Featuring the work of Beverly Buchanan, Njideka Akunyili Crosby, Karon Davis, Nona Faustine, LaToya Ruby Frazier, Steffani Jemison, Jennie C. Jones, Simone Leigh, Julie Mehretu, Senga Nengudi, Lorraine O’Grady, Sondra Perry, Howardena Pindell, Faith Ringgold, Betye Saar, Alma Woodsey Thomas, and many more—along with an accompanying essay by writer and scholar Andrianna Campbell—this show’s title could hardly be more apropos. What’s more, it derives from a 1970 gospel song by artist and preacher Sister Gertrude Morgan; get thee to this church, post-haste.
Owens is responsible for draping an army of men, women, and anything in between in his visionary garments, but his furniture takes the (dim) spotlight here, with thrones—it would be insulting to just call them chairs—made of bone and long slabs of marble chiseled into sofas suitable for fainting on, if getting back up isn’t really in the stars. Accompanied by a video of the designer’s partner, Michèle Lamy—the main producer and credited force behind the Owens furniture line—and other pieces made of foam, along with paintings from the late Steven Parrino, these rigorous works will make anyone question their own wan taste in interior decorating.
Rick Owens Furniture
Here three rows of eighteen sunsets and several more figurative compositions that look straight outta MS Paint congregate, all rendered in the artist’s by-now signature medium of shaped aqua resin colored by acrylic gouache and casein. Benning’s wimpy imagery gets gumptious via her just-so arrangements and exacting palette though, raising a tall flag for the freaks and the fun.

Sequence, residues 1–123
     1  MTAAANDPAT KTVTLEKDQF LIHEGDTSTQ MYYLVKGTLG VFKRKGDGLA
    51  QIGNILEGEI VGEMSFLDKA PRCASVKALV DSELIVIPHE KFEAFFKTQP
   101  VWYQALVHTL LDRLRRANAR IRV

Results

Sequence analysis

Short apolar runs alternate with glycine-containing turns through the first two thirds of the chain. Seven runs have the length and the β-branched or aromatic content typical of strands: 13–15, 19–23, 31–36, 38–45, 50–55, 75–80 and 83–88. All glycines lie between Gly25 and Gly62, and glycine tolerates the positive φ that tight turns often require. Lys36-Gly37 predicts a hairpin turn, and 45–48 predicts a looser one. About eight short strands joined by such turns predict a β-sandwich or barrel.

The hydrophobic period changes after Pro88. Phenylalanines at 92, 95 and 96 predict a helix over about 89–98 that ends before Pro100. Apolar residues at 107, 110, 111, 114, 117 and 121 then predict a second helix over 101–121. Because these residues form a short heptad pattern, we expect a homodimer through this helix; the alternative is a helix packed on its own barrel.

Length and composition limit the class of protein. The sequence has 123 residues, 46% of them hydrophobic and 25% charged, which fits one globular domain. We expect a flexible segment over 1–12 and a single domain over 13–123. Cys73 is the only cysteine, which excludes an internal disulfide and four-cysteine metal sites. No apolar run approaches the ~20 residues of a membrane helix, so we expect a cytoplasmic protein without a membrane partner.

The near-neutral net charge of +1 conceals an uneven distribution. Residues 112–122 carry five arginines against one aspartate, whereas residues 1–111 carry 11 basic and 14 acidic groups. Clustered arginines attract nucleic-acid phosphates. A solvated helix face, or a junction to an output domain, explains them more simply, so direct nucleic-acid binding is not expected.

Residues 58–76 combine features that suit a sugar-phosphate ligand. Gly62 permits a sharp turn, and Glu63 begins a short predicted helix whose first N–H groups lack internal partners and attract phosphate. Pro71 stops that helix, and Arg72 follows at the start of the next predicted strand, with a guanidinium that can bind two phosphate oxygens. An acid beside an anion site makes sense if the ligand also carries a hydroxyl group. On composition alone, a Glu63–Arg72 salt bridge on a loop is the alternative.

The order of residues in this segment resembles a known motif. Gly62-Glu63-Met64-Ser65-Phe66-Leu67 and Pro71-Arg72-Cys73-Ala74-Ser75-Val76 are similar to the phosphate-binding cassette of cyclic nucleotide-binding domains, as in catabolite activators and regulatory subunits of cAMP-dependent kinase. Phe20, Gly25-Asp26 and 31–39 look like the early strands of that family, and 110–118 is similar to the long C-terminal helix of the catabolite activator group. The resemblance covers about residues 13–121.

Nineteen new sculptures along with an array of drawings are featured here for Nagle’s largest exhibition in Los Angeles to date. The artist is best known for his ceramics, and his sculptures here employ traditional glaze techniques that mix it up with newer elements such as epoxy resin, catalyzed polyurethane, and high-gloss automotive paint. Their energetic Pop colors latch onto paper-weight-size forms that, encased on top of pedestals, seem constellated to recall relics but resemble nothing so much as exclamations from some other, better world.
Ron Nagle Ice Breaker
Before his untimely death last year, artist and Underground Museum cofounder Noah Davis conceived a series of exhibitions of works from MoCA’s collection, but installed here, west of the trending downtown area and away from the city’s usual gallery districts. This show, titled “Non-Fiction,” is the second such collaboration between the two institutions, redistributing works by Kara Walker, Henry Taylor, Theaster Gates, Robert Gober, David Hammons, and Deana Lawson, among others, back into the city to address the systemic violence perpetrated on black people.
The first North American retrospective for Native American artist, activist, poet, and performer Jimmie Durham, titled “At the Center of the World,” is a rare chance to see work from a major American artist who not only left the US in 1987 but has since then intentionally withheld much of his practice from audiences here. With close to two hundred objects dating from 1970 to the present, the exhibition will notably feature his sculptural assemblages, often made from natural materials such as bone, stone, and wood. Finally, we have a chance to at least glimpse the edges of Durham’s expansive world.
Jimmie Durham At the Center of the World
Southern California? Books, zines, and prints? Sounds on trend! If overwhelmed by the deluge of the new, take a tour through “Chapters” to brush up on a rich history of independent publishing and artists’ editions in the region. Featuring the output of Kim Abeles, Edgar Arceneaux, John Baldessari, Wallace Berman, Suzanne Lacy, Laura Owens, Raymond Pettibon, Elliott Pinkney, Allen Ruppersberg, Edward Ruscha, Betye Saar, and Barbara T. Smith, among many others, the exhibition is a promising immersion in the self-publisher’s realm.
Chapters: Book Arts in Southern California